Twenty years after she began attending Urban League meetings as a girl, Pinckney now represents the Tacoma Urban League on the Washington State Environmental Justice Task Force, serving as one of three community representatives on a committee of government officials. The job of the task force is to redress health disparities related to environmental hazards, basing its recommendations on an interactive data map created by the Washington State Department of Health in combination with the group’s own community engagement work. Task force members are gathering the qualitative data of community experience and injecting it into a conversation on policy — for people who are heard, acknowledged, and valued are not so easily marginalized. Pinckney has been steadfast in her insistence that racism be explicitly called out in the task force’s operating principles and recommendations. “When you use that word,” she said in one of their meetings, “we are seen.”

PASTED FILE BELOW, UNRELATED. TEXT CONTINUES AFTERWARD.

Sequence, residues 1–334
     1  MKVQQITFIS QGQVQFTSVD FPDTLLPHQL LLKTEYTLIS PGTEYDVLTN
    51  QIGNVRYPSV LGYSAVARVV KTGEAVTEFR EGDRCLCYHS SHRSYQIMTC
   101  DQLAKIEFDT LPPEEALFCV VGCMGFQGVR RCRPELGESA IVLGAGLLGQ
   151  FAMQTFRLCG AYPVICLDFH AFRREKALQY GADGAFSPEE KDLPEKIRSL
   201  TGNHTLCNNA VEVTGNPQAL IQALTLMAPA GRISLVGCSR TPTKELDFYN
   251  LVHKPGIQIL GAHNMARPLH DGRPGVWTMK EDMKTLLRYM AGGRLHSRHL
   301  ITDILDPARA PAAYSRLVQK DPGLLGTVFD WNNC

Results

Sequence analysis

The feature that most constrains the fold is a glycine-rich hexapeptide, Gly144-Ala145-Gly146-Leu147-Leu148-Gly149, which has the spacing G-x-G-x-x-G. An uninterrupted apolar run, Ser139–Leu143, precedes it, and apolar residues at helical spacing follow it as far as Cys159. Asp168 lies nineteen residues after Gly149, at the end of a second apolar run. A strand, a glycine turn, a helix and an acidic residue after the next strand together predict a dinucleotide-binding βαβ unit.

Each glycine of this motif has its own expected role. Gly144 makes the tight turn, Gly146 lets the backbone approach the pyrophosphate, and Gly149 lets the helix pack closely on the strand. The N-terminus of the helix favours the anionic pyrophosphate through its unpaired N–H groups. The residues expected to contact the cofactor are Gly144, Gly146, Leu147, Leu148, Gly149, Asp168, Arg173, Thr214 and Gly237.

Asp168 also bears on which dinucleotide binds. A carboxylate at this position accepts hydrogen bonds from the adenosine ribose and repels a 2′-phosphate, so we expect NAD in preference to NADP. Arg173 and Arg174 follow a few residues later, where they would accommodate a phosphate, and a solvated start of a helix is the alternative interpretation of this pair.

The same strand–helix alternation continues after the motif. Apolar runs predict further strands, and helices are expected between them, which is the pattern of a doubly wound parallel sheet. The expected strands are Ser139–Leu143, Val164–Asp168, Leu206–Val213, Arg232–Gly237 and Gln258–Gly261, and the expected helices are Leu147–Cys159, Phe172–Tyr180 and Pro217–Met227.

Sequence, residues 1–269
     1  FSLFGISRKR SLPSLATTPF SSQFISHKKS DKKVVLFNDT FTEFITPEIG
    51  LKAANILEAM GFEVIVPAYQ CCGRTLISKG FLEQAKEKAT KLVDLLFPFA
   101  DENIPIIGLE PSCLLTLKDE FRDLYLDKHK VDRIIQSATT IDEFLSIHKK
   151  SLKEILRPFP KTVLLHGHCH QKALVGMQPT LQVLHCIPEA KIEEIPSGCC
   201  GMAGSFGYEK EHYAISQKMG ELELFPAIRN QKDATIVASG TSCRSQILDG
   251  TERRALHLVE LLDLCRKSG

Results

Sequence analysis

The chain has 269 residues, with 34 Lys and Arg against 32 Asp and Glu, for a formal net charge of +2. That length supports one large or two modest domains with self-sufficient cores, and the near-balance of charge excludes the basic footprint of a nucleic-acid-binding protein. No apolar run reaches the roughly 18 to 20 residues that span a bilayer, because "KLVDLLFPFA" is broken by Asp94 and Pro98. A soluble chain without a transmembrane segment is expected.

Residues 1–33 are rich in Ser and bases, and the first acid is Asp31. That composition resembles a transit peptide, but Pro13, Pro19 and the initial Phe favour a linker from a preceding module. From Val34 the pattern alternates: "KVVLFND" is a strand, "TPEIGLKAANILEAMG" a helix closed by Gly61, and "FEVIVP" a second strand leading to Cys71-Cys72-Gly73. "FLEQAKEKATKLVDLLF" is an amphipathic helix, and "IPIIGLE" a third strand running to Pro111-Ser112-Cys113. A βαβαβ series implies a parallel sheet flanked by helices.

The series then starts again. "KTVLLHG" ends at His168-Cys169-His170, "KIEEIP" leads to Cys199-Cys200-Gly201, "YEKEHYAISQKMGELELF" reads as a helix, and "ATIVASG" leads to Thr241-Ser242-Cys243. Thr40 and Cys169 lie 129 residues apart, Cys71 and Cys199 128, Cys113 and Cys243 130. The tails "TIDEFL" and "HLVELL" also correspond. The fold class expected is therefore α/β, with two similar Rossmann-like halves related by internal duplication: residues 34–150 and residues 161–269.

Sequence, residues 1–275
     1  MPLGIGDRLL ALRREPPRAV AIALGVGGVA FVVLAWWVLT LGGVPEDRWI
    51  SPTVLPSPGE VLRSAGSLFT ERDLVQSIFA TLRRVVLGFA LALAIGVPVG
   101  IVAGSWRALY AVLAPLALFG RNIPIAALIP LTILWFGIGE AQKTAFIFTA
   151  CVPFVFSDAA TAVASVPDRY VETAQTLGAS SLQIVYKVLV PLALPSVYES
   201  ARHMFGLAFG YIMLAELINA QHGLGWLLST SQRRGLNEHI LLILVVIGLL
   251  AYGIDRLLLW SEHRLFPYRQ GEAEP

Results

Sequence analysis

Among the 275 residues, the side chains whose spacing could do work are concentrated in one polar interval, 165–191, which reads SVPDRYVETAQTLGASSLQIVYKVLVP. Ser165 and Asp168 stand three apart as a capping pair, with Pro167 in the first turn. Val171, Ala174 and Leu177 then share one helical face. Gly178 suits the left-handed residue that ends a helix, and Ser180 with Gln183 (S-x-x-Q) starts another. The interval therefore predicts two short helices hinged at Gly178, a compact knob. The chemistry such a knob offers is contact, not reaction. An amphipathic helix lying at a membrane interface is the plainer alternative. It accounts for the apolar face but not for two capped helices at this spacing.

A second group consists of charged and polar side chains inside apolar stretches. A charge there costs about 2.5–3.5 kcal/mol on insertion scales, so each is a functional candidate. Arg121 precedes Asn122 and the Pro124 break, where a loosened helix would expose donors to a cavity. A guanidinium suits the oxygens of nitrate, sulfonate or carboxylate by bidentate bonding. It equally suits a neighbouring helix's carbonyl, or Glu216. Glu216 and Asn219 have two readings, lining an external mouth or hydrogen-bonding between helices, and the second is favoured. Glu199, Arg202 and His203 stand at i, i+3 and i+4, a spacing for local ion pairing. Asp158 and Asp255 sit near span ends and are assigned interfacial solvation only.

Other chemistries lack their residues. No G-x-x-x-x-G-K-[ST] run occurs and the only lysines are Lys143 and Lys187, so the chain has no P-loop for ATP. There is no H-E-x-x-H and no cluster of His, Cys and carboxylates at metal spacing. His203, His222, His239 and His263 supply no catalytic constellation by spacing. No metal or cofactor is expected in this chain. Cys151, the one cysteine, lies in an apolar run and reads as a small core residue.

Pinckney has a deep capacity for empathy, compassion, and listening, all tools she employs in her efforts to bring about political change. At a public meeting of the task force in Yakima, a farmworker rolled up his shirt sleeve to reveal boils from his hand to his elbow, a chemical burn from the pesticides used in the fields. He had cancer too. In Vancouver, Washington, a 15-year-old girl spoke about what it was like to live with her family in a van parked near a fossil-fuel-burning plant and the pain of hearing her grandmother, who has asthma, wake up coughing in the morning. “This is what it looks like. These are the impacts. This is my story,” Pinckney remembered the girl saying.

Environmental injustice is a multifaceted crime — overexposure to danger combined with under-representation in the decision-making process.